• Self-Proning in COVID-19. Multiple trials have shown benefit in oxygen with proning (Coppo et al; Weatherald et al). A randomized trial of 1121 patients showed that awake proning improved outcomes: the hazard ratio for intubation was 0.75 (0.62−0.91), and the HR for mortality was 0.87 (0.68−1.11) compared with standard care. (Ehrmann et al).

Risks of Proning

  • Airway Obstruction (particularly if a patient is unconscious but not intubated)
  • Dislodged Oxygen Delivery Device
  • Facial Edema
  • Pressure Ulcerations (especially the forehead and anterior chest)
  • Pressure Neuropathies
  • Patient Intolerance
  • Intracranial Hypertension

Patient Selection

Self-proning can be used on stable patients (on room air or supplemental oxygen) and as a “rescue” for those who have escalating supplemental O2 requirements.

  • Self-proning can be done with any type of oxygen delivery system with careful consideration and ideally multidisciplinary discussion for safety. At higher levels of oxygen, the patient may require more frequent monitoring (see protocol below).
  • The patient should ideally be able to move independently and have the cognitive and physical status to supinate themselves if they become uncomfortable. This includes the ability to safely manage their supplemental oxygen, IV tubing, SpO2 monitor and other leads and attachments (within reason).
  • In certain situations, patients who are unable to position themselves may be candidates for assisted proning as a “rescue” therapy. For example, assisted proning can be considered if a patient has a low SpO2 (below 92%) on non-rebreather facemask, and HFNC, NIPPV, and intubation are all unavailable or contraindicated (see below for additional considerations).


  • Absolute:
  • Inability to Supinate or Pronate Safely (see above - exception is Assisted Proning)
  • Imminent Risk of Intubation (see “when to stop self-proning”)
  • Spinal Instability
  • Facial or Pelvic Fractures
  • Open Chest or Unstable Chest Wall
  • Open Abdomen
  • Unstable Airway (Patient with oral swelling, mass, tumor or other object obstructing the airway)
  • Unresponsive Patient (May be more likely to obstruct their airway)
  • Intracranial Pressure Monitoring or Intracranial Hypertension
  • Hemodynamic Instability (Blood pressure less than 80/40 or active up-titration of vasopressors)
  • Relative Contraindications:
  • Altered Mental Status
  • Nausea or Vomiting
  • Non-invasive Positive Pressure Ventilation
  • Copious Secretions
  • Signs of Severe Respiratory Distress (Tripod position or obvious severe accessory respiratory muscle use)
  • Agitation
  • Pregnancy
  • Supporting Lines or Tubes at High Risk for Displacement (for example, a chest tube).

Awake Proning ProtocolCopy Link!

For intubated patients, please see Proning of Intubated Patients.

Awake non-intubated proning requires careful attention to a number of steps:

  1. Monitoring
  1. Oxygen monitoring: Although many patients experience improvement in oxygenation with pronation, it is possible that some patients may get worse. Therefore, it is important to have a plan for patient monitoring during pronation. However, the type and frequency of monitoring during pronation will vary by facility and patient.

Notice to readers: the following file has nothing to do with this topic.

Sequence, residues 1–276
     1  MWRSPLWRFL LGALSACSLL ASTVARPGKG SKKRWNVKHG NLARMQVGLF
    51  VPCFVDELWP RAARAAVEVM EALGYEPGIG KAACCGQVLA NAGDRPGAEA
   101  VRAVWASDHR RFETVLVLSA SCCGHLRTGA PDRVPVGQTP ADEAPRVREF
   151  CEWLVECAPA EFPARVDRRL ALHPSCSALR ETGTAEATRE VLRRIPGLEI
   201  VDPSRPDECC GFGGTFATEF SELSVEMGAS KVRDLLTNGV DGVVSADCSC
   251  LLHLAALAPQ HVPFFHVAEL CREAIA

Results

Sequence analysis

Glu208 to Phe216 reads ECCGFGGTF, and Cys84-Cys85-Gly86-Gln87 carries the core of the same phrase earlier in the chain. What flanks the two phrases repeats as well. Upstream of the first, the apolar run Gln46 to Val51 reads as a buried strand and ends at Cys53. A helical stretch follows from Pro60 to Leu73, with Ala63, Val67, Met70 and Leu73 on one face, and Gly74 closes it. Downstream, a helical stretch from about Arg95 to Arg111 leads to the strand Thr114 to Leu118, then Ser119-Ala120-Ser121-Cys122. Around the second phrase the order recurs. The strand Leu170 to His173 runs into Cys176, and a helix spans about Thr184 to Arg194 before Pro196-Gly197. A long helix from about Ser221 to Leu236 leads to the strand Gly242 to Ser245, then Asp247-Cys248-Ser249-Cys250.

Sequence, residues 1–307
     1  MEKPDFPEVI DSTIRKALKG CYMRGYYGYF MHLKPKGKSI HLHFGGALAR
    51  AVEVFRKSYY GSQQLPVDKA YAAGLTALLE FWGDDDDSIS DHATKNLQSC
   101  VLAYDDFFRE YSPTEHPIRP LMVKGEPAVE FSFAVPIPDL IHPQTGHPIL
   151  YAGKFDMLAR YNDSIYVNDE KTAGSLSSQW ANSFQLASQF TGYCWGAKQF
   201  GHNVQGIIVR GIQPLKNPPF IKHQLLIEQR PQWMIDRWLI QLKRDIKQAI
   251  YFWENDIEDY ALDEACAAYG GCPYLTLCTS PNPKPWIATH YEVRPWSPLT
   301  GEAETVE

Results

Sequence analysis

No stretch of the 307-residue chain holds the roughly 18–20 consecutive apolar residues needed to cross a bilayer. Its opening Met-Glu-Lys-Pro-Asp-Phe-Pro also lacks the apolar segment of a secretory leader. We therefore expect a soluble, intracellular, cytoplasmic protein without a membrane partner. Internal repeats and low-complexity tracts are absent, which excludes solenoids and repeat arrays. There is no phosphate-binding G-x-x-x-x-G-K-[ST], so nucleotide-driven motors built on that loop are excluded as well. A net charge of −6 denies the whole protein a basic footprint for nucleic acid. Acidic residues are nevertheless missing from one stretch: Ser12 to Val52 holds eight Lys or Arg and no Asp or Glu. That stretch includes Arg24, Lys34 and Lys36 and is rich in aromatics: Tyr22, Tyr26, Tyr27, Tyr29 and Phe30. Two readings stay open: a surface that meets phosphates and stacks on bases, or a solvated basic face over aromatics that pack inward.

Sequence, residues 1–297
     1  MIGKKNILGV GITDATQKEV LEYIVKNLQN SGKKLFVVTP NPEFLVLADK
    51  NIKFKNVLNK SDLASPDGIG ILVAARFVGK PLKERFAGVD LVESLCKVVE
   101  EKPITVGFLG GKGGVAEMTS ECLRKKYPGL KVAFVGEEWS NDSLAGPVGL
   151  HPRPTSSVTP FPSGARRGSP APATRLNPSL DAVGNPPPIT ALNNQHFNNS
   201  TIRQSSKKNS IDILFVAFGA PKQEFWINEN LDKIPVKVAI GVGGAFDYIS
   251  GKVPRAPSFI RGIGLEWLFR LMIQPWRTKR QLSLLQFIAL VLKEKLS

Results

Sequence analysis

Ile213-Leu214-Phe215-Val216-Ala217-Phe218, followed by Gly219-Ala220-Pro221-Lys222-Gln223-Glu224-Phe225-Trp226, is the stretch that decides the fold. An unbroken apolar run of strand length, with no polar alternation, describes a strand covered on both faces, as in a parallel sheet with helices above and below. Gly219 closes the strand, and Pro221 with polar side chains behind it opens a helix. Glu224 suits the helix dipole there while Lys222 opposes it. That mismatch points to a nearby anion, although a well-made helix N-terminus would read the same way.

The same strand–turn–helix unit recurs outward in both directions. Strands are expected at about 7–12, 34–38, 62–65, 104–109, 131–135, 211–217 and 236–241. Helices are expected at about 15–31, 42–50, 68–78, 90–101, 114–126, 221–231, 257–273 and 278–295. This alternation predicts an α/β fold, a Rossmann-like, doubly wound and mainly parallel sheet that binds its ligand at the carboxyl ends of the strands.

1. Continuous SpO2 monitoring is recommended if available.
  2. If continuous SpO2 monitoring is not available, we recommend checking SpO2 10 minutes after pronation to ensure stability. Although some patients will temporarily have a slight worsening in vital signs immediately after pronation, HR, BP, and SpO2 should return to close to baseline within 10 minutes. After the first 10 minutes, the interval of monitoring can be extended based on the clinical context.
  1. Telemetry: If telemetry is indicated, EKG leads can remain on anterior chest wall for continuous monitoring, avoiding pressure points.
  1. Prior to Proning
  1. Make plans in advance for toileting, contacting nurses, and cellular phone if patient has one.
  2. If possible, place the bed in reverse Trendelenburg (head above feet, 10 degrees) to help reduce intraocular pressure.
  3. Have patient empty bladder.
  4. Educate the patient.
  1. Explain the procedure and rationale of the intervention to the patient. “Lying on your stomach is what we call prone position. This position can improve your breathing, helping your lungs to expand to get oxygen to the rest of your body. It may help you feel better.”
  2. Point out any IV tubing or oxygen tubing they are connected to. Remind them this tubing should not be under them at any time.
  3. Instruct patient to roll back over and call for help if they feel worse.
  1. Arrange tubing to travel towards the top of the bed, not across the patient, to minimize risk of dislodging. Ensure support devices are well-secured to the patient. (Eg. sleeve over IV access site, position urinary catheter)
  2. Assess pressure areas to avoid skin breakdown and dress any wounds and use skin protective devices as needed.
  3. If the patient will require assistance, assess the patient’s size and weight to determine adequacy of the bed frame and the mattress in addition to the number of staff required to safely turn the patient.
  1. Prone Position
  1. The patient should lay on their abdomen (arms at sides or in “swimmer” position). Insert head supports (e.g. rolled sheets) to ensure that the head is high enough off the bed to allow for proper spinal alignment in either face down or side lying position. Position arms slightly above the head bent at the elbow. Place pillows or rolled sheets under the shins to flex the knees and allow the feet to be at a 90-degree angle. Utilize rolls to support shoulders, abdomen and pelvis where necessary. Pillows may be required to support the chest. If this is not a tolerable position, they can try laying on their side, though this may not work as well (Bentley et al).